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Obama Leads in Swing States But Falls Short of Majority Support Obama Leads in Swing States But Falls Short of Majority Support

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Obama Leads in Swing States But Falls Short of Majority Support


President Barack Obama speaks at The National Association of Latino Elected and Appointed Officialsí Annual Conference at the Walt Disney World Resort, Friday, June 22, 2012, in Lake Buena Vista, Fla.  (AP Photo/Carolyn Kaster)

President Obama runs ahead of Mitt Romney in three important swing states, according to new polls released Wednesday by Quinnipiac University. But the polls all show Obama below the critical 50-percent threshold for an incumbent in each of the three states.

Obama holds a slim lead in Florida, but he leads by larger margins in Ohio and Pennsylvania. Ohio represents a significant change from Quinnipiac's most recent poll, while results in the other two states are nearly identical to surveys conducted earlier this month.


In all three states, Obama is mired in the mid-to-high 40s, while Romney lags behind -- putting the usual maxim about an incumbent below 50 percent in pre-election polls to the test.

Obama's share of the vote closely resembles his approval rating in each state, suggesting that the percentage of voters who approve of his job performance may be his ceiling. But Romney is not entirely an unknown quantity, and voters in each state are more likely to say they have an unfavorable opinion of him than a favorable feeling.

"The horse race numbers reflect the general view of voters that they like the president better," said Peter Brown, assistant director of the Quinnipiac poll. "Obama has a net favorable view among Ohio voters and he is viewed evenly by those in Pennsylvania and Florida, while Romney's favorable/unfavorable ratio is negative in all three states."



Obama leads Romney in the Sunshine State, 45 percent to 41 percent. Quinnipiac's previous survey in Florida was released last week; this new poll entered the field the day after the previous poll concluded. These new results are nearly identical to the previous poll.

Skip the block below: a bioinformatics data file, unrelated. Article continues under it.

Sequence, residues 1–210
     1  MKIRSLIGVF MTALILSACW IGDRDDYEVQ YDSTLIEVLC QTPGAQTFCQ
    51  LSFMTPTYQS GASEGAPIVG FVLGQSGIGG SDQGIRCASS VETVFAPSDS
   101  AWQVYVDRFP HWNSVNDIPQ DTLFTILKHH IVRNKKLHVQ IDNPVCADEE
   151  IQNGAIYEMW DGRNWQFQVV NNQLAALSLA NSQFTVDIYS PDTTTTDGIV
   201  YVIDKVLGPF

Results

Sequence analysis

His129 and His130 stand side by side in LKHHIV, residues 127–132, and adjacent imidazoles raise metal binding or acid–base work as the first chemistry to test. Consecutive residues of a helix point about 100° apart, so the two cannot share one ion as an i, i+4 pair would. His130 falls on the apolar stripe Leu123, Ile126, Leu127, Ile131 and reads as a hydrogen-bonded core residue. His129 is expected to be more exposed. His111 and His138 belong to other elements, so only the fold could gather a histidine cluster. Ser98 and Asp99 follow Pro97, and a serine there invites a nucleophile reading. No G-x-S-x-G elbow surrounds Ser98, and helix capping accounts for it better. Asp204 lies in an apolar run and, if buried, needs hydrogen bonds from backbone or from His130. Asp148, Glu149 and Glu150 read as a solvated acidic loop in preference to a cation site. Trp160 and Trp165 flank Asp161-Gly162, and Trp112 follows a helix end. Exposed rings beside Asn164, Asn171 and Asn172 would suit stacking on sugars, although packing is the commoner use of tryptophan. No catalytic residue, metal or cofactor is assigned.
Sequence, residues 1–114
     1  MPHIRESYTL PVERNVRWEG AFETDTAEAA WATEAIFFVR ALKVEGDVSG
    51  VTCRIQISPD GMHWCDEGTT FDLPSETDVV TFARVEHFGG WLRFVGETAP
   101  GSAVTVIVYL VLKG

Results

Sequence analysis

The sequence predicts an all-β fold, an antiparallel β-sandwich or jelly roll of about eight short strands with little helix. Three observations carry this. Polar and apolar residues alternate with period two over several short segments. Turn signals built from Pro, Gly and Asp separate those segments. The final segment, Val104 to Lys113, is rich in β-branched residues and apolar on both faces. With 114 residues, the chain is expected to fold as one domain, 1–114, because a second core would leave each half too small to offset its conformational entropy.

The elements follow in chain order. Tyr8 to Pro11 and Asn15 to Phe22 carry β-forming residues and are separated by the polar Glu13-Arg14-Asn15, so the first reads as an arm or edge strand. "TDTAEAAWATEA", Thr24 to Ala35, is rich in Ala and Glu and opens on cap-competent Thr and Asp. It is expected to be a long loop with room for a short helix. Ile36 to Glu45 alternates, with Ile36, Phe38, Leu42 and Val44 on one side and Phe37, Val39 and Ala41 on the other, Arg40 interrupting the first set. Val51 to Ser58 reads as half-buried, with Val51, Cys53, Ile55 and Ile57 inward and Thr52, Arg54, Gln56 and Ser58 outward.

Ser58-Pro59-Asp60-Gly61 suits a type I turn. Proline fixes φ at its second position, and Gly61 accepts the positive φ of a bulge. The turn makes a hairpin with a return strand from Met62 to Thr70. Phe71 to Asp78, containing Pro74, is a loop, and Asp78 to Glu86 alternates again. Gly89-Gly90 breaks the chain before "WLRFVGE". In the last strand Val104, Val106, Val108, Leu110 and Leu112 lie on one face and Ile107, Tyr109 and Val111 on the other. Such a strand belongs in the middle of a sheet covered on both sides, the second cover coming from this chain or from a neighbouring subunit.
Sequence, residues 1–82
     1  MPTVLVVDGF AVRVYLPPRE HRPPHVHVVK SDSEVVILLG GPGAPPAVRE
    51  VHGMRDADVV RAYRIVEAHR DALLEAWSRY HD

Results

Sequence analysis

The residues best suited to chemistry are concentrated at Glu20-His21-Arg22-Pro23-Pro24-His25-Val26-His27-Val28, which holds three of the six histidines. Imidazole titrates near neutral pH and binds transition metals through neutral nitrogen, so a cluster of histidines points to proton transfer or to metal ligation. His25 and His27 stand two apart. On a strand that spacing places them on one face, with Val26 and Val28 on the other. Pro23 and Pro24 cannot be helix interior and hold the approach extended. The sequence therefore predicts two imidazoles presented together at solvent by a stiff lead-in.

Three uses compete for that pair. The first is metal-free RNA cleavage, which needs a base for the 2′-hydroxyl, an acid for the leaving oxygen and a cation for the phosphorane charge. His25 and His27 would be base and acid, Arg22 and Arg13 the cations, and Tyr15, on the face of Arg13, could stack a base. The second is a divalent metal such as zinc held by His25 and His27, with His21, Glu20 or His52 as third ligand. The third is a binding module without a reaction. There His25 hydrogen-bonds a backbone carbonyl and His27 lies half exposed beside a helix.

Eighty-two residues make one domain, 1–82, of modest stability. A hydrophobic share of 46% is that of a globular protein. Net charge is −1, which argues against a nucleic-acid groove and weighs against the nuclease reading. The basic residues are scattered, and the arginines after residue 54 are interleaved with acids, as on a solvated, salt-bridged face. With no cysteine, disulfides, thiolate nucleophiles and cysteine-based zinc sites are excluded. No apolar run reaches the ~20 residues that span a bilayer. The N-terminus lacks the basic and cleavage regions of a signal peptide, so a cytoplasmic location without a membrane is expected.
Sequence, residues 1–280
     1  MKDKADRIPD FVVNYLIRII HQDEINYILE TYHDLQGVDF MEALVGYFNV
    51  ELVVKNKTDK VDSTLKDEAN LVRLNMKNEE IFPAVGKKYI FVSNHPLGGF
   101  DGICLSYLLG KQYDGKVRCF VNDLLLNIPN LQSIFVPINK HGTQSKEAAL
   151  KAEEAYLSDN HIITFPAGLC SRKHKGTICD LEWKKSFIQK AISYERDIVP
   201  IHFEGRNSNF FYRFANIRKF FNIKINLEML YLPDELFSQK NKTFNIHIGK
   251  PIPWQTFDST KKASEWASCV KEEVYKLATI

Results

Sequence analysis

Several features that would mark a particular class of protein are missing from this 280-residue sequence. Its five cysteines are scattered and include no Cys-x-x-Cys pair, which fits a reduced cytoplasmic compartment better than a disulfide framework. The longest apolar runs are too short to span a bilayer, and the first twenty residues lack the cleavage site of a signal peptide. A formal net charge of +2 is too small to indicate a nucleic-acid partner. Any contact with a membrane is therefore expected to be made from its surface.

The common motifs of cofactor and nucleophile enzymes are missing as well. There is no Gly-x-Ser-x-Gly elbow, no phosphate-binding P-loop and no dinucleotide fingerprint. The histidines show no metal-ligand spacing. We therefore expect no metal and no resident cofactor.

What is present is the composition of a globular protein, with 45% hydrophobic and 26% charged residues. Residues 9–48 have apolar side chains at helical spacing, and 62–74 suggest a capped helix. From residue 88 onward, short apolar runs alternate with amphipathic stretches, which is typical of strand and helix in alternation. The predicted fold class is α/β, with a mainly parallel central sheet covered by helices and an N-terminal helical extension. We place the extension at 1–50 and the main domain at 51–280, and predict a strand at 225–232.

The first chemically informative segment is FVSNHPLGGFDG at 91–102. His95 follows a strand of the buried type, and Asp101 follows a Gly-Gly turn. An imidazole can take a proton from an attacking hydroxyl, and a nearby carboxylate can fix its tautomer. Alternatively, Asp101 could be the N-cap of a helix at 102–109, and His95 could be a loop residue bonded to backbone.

Obama holds slight leads among women and independents, but he captures just 35 percent of the white vote. Only 32 percent of white voters without college degrees would vote for Obama, compared to 51 percent for Romney.

A majority of Florida voters, 58 percent, support the Obama administration's "policy in which young illegal immigrants who came to the country as children will be able to obtain work permits and will not face deportation." Only a third opposes it. The proposal is more popular among black (88 percent) and Hispanic (74 percent) voters than among whites (49 percent).

Obama has opened up a slightly larger lead among Hispanic voters than in the previous survey -- which was in the field as Obama made the immigration announcement -- but the difference between the two surveys among this group is within the margin of error.


Other poll measures underscore Obama's vulnerability in holding the state's 29 electoral votes. Voters are split virtually evenly on Obama's approval rating (47 percent approve, 49 percent disapprove) and personal favorability (47 percent favorable, 47 percent unfavorable). Voters are also evenly divided on which candidate would do a better job handling the economy.


Obama has opened up his largest lead in Quinnipiac's Ohio polling thus far, leading Romney by 9 percentage points, 47 percent to 38 percent. Six weeks ago, the two candidates ran neck-and-neck in the Buckeye State.

Independents provide Obama his boost, with each candidate at around 85 percent among his own partisans. Independents tilt toward Obama by a 9-point margin.